FIG. 5 is a circuit diagram of the semiconductor memory device according to the embodiment;

FIG. 6 is a circuit diagram of a memory cell;

FIG. 7 is a schematic cross sectional view of a structure of relevant parts of a semiconductor memory device according to a modified embodiment of the present invention;

FIG. 8 is a circuit diagram of the semiconductor memory device according to the modified embodiment; and

FIG. 9 is a schematic plan view of a structure of relevant parts of a semiconductor memory device according to a modified embodiment.

DETAILED DESCRIPTION OF THE EMBODIMENTS

Preferred embodiments of the present invention will now be explained in detail with reference to the drawings.

FIG. 1 is a schematic plan view of a structure of relevant parts of a semiconductor memory device according to a preferred embodiment of the present invention. FIG. 2 is a schematic cross section taken along a line A-A shown in FIG. 1. FIG. 3 is a schematic cross section taken along a line B-B shown in FIG. 1. The embodiment is a preferable one when the present invention is applied to a PRAM.

As shown in FIG. 1, the semiconductor memory device according to the embodiment includes a plurality of active regions 10, and a gate electrode 20 in a fish bone shape arranged on each active region 10.

The active regions 10 extend in a Y direction shown in FIG. 1. An element isolation region 19 is arranged between the active regions 10 adjacent in an X direction. Within the active regions 10, a plurality of source regions 11 and a plurality of drain regions 12 are arranged in a matrix manner. The source regions 11 are commonly connected to a source line 31 via a contact plug 41. On the other hand, the drain regions 12 are each connected to a different non-volatile memory element 60 via a contact plug 42, as shown in FIG. 2 and FIG. 3. The contact plugs 41 and 42 are arranged in an interlayer insulation film 51 that separates a semiconductor substrate and the source line 31.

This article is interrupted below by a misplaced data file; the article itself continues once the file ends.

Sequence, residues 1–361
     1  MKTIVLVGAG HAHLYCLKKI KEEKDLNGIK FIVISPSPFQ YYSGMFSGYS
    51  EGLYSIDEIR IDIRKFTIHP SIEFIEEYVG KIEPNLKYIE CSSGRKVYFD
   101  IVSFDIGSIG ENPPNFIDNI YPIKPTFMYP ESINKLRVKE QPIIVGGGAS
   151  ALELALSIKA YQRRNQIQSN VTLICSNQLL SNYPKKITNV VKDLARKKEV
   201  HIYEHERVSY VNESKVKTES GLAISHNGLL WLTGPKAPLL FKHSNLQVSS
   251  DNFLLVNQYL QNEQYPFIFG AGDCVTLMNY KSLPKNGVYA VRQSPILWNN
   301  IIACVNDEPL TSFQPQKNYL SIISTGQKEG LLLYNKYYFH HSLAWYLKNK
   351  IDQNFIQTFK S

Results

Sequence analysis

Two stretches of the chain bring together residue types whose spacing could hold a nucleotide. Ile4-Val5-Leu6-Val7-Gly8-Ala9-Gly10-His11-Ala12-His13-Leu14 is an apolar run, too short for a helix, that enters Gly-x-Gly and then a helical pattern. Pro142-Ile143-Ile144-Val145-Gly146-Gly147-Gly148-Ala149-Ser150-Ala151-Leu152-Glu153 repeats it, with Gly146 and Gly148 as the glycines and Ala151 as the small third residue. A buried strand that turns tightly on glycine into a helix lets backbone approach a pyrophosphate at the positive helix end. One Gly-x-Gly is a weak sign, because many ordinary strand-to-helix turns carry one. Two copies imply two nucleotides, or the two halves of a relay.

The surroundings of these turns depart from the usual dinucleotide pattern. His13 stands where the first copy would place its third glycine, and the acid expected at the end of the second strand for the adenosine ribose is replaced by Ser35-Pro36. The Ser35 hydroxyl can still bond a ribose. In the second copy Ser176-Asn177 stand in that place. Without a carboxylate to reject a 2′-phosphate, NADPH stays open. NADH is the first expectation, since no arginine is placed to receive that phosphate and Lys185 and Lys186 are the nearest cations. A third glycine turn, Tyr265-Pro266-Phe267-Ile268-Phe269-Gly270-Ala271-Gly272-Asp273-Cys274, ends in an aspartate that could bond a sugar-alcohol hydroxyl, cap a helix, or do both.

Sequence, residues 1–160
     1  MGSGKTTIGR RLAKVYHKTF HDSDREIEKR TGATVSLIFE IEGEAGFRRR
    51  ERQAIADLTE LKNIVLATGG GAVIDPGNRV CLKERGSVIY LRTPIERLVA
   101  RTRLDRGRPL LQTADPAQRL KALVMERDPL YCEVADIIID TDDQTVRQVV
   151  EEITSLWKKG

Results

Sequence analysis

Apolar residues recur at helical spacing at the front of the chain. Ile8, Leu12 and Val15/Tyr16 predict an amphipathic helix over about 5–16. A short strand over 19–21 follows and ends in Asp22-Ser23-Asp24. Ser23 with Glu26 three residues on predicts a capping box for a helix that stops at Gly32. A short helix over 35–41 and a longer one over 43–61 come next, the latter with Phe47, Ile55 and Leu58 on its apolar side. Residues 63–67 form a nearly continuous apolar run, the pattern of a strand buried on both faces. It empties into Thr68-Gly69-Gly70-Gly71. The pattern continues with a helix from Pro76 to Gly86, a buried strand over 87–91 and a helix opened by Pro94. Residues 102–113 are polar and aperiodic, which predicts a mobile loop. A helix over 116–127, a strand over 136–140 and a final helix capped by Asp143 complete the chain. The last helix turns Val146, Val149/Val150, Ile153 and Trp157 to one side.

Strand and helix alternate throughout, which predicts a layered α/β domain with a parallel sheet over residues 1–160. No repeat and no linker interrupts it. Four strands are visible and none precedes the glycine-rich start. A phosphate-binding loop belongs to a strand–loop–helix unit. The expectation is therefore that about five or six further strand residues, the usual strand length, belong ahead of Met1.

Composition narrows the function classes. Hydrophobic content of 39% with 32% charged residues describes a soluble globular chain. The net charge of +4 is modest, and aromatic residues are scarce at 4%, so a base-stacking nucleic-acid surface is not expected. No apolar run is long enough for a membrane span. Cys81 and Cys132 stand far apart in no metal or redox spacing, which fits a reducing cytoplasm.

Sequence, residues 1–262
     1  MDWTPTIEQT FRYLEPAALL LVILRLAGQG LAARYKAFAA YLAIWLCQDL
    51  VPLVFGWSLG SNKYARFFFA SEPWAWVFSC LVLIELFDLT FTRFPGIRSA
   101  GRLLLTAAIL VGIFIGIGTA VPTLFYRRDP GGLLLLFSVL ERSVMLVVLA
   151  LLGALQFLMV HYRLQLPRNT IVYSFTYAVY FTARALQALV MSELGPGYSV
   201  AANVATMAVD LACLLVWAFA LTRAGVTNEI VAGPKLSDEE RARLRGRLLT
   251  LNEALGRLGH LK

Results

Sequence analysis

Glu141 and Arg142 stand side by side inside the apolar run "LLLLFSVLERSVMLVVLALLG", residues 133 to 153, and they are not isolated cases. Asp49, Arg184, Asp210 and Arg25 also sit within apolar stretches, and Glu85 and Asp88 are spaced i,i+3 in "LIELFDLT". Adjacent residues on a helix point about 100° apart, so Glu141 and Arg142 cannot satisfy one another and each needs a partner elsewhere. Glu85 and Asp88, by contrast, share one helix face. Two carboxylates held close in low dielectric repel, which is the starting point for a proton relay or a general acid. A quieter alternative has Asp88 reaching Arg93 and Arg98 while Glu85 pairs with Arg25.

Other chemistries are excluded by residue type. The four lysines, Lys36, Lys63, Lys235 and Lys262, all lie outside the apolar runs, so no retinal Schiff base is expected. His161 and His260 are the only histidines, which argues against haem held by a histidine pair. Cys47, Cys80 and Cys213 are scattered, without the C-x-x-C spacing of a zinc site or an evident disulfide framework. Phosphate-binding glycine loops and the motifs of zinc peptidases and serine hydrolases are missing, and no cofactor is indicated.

In the present embodiment, there are two regions in total, one source region 11 on one side and one drain region 12 on the other side, adjacent in the X direction in the same active region 10. On the other hand, a large number of source regions 11 and drain regions 12 are alternately arranged in the Y direction. Therefore, this means that when a certain drain region 12 is considered, one source region 11 is always arranged adjacently in the X direction as viewed from this drain region 12. On the other hand, in the Y direction, both sides (the upper side and the lower side in FIG. 1) of the certain drain region 12 are each formed with the source region 11 adjacently. That is, the source regions 11 are arranged in three directions as viewed from each drain region 12.